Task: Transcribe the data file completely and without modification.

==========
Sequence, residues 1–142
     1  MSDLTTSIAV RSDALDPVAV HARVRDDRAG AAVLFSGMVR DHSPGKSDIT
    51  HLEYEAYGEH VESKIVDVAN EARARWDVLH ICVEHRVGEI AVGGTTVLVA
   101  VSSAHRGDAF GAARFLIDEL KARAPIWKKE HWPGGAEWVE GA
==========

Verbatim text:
Sequence, residues 1–142
     1  MSDLTTSIAV RSDALDPVAV HARVRDDRAG AAVLFSGMVR DHSPGKSDIT
    51  HLEYEAYGEH VESKIVDVAN EARARWDVLH ICVEHRVGEI AVGGTTVLVA
   101  VSSAHRGDAF GAARFLIDEL KARAPIWKKE HWPGGAEWVE GA